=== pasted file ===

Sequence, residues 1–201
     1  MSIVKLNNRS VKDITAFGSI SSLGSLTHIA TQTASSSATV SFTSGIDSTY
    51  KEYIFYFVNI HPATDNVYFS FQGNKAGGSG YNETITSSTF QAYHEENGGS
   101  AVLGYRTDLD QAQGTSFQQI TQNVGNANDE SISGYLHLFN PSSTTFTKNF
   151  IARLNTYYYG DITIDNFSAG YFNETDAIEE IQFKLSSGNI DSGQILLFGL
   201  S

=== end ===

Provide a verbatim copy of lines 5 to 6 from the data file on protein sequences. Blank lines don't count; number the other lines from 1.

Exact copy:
   151  IARLNTYYYG DITIDNFSAG YFNETDAIEE IQFKLSSGNI DSGQILLFGL
   201  S